Such a doctrine of separation of powers works with the principle of the responsible government. Under this concept, the doctrine of separation of powers is not entirely applicable in the Australian Constitution where the different political parties of the country can form a government with the help of coalition and mergers between different political parties. Hence such doctrine helps in maintain the power to various constitutional authorities instead in the hands of few people.
The key issue is whether a contract exists between Events Management Ltd and Rigby Corporate Function Planners Pty Ltd. If yes, then whether such contract has been breached?
Elements of a Contractual Relationship
A contract is an agreement between the two and more than two parties where the parties agree to perform a certain task or activity in exchange for a certain amount of consideration. Such an agreement is legally binding on both the parties where one party has to perform a specific task in exchange of a certain amount of money. The following are the basic elements of a contractual relationship between the two or more than two parties:
- Offer given by the party: It is one of the most important aspects and the element of the contract where a party to contract offers an arrangement to another party or parties to contract. The general rule of offer is that it must be communicated by the parties as given in the judgement of Gibson v Manchester City Council 1 WLR 294. The party to who offer has been made has the right to reject, amend and accept the offer made by the party. If the offer has been rejected or amended than the original offer to contract dies. The party who made the offer must be the intention to bind himself by the terms of the contract as given in the case of Harvey v Facey  UKPC 1.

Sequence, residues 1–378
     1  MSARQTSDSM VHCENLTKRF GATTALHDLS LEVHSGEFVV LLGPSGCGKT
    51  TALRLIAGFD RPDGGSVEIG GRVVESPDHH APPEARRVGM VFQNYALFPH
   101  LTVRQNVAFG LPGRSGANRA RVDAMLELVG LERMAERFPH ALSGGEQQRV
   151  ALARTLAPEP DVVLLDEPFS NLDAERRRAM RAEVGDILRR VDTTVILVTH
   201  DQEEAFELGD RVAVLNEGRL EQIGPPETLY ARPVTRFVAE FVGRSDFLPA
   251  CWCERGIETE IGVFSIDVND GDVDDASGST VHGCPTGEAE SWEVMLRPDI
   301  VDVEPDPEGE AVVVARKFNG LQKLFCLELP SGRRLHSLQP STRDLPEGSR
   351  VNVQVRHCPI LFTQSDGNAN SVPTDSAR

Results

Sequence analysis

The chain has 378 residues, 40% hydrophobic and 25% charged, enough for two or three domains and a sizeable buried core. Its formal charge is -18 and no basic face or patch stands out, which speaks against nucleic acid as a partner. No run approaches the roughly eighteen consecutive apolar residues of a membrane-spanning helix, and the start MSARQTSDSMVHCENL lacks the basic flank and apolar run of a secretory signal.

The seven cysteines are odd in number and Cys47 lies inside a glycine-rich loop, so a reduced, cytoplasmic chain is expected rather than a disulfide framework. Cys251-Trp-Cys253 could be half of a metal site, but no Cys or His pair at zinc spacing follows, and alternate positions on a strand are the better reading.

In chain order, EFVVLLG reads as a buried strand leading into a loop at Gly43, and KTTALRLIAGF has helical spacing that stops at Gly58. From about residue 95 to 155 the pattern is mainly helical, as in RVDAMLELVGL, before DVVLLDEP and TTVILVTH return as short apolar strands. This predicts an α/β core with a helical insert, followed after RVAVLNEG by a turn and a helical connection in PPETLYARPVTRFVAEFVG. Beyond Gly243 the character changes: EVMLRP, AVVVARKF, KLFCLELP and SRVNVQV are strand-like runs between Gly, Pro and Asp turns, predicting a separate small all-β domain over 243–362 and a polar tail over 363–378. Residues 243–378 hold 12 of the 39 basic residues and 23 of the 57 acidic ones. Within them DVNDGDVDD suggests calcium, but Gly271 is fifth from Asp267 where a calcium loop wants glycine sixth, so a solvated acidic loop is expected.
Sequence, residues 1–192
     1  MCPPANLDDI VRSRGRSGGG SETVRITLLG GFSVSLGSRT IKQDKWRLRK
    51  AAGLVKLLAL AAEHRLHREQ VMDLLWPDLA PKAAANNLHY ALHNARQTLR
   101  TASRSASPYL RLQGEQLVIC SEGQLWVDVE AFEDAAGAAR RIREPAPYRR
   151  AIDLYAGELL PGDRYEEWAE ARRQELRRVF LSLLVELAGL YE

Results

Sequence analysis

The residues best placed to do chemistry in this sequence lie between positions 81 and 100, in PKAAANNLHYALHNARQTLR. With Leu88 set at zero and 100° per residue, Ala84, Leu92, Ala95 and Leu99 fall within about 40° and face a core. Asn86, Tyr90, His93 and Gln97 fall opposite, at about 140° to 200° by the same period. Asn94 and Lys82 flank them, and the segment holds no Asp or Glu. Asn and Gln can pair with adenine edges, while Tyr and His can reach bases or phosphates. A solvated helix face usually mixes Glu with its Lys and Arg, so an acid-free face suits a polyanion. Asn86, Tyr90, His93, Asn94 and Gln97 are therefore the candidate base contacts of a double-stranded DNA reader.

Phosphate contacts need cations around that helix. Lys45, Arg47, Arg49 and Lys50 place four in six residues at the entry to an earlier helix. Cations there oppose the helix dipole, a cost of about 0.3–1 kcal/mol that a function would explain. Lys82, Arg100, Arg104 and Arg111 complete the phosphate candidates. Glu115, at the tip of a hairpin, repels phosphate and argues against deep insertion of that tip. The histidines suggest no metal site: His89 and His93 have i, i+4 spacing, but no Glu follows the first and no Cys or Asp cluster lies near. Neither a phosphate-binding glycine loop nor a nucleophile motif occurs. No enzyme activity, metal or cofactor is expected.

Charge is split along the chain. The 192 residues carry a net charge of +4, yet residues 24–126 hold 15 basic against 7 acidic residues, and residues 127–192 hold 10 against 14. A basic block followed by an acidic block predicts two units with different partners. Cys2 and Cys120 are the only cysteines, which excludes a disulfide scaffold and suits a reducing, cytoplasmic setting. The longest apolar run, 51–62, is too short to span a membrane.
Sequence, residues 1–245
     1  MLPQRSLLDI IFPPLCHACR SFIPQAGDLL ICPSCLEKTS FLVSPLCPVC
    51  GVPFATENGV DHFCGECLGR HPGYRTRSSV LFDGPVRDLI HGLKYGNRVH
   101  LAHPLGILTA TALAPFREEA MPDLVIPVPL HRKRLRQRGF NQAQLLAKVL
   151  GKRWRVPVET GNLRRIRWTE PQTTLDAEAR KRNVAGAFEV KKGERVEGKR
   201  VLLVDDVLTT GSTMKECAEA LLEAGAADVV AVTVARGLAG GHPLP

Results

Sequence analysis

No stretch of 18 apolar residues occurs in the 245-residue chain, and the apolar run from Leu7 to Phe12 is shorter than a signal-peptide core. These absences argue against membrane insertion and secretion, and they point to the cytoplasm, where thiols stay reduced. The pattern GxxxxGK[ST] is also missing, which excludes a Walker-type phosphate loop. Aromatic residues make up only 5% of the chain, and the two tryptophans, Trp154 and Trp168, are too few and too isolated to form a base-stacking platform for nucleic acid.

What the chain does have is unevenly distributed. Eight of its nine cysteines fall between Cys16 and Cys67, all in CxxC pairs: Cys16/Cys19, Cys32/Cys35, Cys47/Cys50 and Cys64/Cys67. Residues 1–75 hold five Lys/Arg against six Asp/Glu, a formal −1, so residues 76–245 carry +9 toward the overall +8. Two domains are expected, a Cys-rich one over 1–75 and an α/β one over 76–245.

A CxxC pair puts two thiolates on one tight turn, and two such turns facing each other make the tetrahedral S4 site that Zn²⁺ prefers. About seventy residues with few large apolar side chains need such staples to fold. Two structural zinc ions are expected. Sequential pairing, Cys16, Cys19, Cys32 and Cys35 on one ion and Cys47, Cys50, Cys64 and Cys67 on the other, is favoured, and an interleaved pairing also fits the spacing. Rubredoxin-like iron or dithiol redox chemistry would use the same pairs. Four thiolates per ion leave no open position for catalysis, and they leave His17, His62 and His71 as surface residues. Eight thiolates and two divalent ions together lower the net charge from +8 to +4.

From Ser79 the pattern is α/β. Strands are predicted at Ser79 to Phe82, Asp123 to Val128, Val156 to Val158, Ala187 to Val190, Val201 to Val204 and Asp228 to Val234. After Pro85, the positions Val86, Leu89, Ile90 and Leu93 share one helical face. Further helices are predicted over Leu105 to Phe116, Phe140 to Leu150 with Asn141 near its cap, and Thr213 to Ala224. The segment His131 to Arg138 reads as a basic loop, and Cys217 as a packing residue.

- Acceptance by the parties: The rule of acceptance is that it must be unconditional. It must be in the reliance of the offer. If the acceptance did not match the offer, then it becomes a counter offer. The acceptance must be meeting of minds. In the case of Latec Finance Pty Ltd v Knight  2 NSWR 79 it was held that the general rule of acceptance is that it must be communicated to the party who has made the offer. When such offer is accepted by the parties that such terms and conditions of the offer should be legally binding only when the consideration is done between the parties.